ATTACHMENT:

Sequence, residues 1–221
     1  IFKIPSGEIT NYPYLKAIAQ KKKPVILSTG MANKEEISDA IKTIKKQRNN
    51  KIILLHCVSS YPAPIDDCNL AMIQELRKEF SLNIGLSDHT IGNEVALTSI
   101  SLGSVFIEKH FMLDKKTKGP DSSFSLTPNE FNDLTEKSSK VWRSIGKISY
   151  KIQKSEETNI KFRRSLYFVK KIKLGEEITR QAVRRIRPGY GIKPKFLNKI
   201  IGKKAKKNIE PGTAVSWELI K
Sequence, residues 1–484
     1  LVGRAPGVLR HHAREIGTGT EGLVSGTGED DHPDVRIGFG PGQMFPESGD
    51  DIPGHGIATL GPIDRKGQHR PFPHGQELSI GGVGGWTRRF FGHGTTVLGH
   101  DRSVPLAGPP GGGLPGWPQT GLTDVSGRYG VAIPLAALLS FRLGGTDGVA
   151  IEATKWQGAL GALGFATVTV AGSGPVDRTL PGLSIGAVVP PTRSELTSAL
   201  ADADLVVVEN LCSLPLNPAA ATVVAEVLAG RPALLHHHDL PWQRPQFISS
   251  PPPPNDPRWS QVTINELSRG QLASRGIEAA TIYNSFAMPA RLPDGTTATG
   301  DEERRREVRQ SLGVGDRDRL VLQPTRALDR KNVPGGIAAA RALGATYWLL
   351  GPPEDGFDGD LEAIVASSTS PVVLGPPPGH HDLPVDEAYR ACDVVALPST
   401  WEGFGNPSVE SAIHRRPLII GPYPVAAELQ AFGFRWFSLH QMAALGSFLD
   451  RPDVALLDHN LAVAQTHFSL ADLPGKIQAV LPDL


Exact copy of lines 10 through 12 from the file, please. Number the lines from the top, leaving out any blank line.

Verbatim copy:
   101  DRSVPLAGPP GGGLPGWPQT GLTDVSGRYG VAIPLAALLS FRLGGTDGVA
   151  IEATKWQGAL GALGFATVTV AGSGPVDRTL PGLSIGAVVP PTRSELTSAL
   201  ADADLVVVEN LCSLPLNPAA ATVVAEVLAG RPALLHHHDL PWQRPQFISS